The perspective offered in these pictures reminds me of nothing more than the view you get on a clear day driving from Denver International Airport toward downtown. The Rockies tyrannize the western horizon. One must strain to pinpoint the edifices of the Denver skyline – barely discernible at 600 and 700 feet tall. From this distance they are little more than brief metallic flickers on a dry plain running to the ramparts of the Front Range. As you fix your gaze on the mountains (which inevitably you will because, let’s face it, the dusty, relentless sprawl of Denver intruding into the foreground is a stark and confounding sight and is certainly not something to be reckoned with while driving), the 8,000 and 9,000 foot peaks, the “foothills” of the Front Range, rise in true relief against the Mount Evans massif and the Inidan Peaks, which jag upward to 13,000 and 14,000 feet.
Reliable perspective requires distance – spatial or temporal. From closer up, say, downtown Boulder, the tippy-tops of the high peaks are barely seen, obscured by the smaller summits before them. (In the same way that, from a certain vantage, the moon might be obscured by the nose cone of the Space Shuttle as it stands erect on the launch pad at Cape Canaveral.)
But from farther back, true scales become evident. The Flatirons are small swoops of blue, green and rust – a little more than half the height of the snow-topped ranges beyond.
The view of Denver, however, is different. Though perceptible in its totality (which is to say in its sprawl), it is microbic in its action, unknowable in its particulars. It is a centerless agglomeration of synthetic galaxies; a lurching system, half-living, half-dead; a cluttered whirl of a hundred thousand disjointed parts; a cosmos of speed, desire and consumption; a wing of the universe as remote as the one rendered in Hubble’s “deep field” images.
A literary career should be not a career but a passion. A life. Fueled in equal parts by anger and love. How feel one without the other? Each implies the other. A writer without passion is like a body without a soul. Or what would be even more grotesque, a soul without a body.
There is a middle way between subserving the mass market and pandering to our Jamesian castrati literati. You do not have to write endless disquisitions about computer science professors seeking God while pursuing faculty wives. You do not have to write about male mutilation, lesbians in bearskins, Toyota dealers, or self-hating intellectuals longing for hierarchy, to work and live happily as a writer in America. God bless her such as she is.
You do not need to be analyzed, psychoanalyzed, Rolfed, e-s-t-ed, altered, gelded, neutered, spayed, fixed, acupunctured, Zenned, Yogied, New Aged, astrocharted, computerized, megatrended, androgynized, evangelized, converted, or even, last and least, to be reborn. One life at a time, please.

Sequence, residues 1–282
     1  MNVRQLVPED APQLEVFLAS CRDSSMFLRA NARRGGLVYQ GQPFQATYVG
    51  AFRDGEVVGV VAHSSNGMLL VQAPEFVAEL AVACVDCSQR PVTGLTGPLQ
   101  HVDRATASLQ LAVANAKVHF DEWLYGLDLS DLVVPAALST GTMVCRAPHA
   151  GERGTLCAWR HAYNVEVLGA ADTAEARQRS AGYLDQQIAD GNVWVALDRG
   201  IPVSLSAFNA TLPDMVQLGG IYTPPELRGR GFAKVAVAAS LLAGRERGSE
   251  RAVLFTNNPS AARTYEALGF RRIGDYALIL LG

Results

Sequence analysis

What is both necessary and sufficient – for honest literary work – is to have faith in the evidence of your senses and in your common sense. To be true to your innate sense of justice. To be loyal to your family, your clan, your friends and – if you are lucky enough to have one – your community. (Let the nation-state go hang itself.) Among the Americans, read Walt Whitman, Mark Twain, Henry Thoreau, Theodore Dreiser, Jack London, B. Traven, Thomas Wolfe, John Steinbeck, Nelson Algren and Dr. William Carlos Williams. For example. Emulate them until you find others emulating you. And then go on.
Why write? How justify this mad itch for scribbling? Speaking for myself, I write to entertain my friends and exasperate our enemies. I write to record the truth of our time as best as I can see it. To investigate the comedy and tragedy of human relationships. To oppose, resist, and sabotage the contemporary drift toward a global technocratic police state, whatever its ideological coloration. I write to oppose injustice, to defy power, and to speak for the voiceless.
I write to make a difference. “It is always a writers duty,” said Samuel Johnson, “to make the world better.” I write to give pleasure and promote aesthetic bliss. To honor life and praise the beauty of the natural world. I write for the joy and exultation of writing itself. To tell my story.
Why do I write today?
The beauty of
the terrible faces
of our nonentites
stirs me to it:
old and experienced—
returning home at dusk
in cast off clothing
old Florentine oak.
the set pieces
of your faces stir me—
in the same way.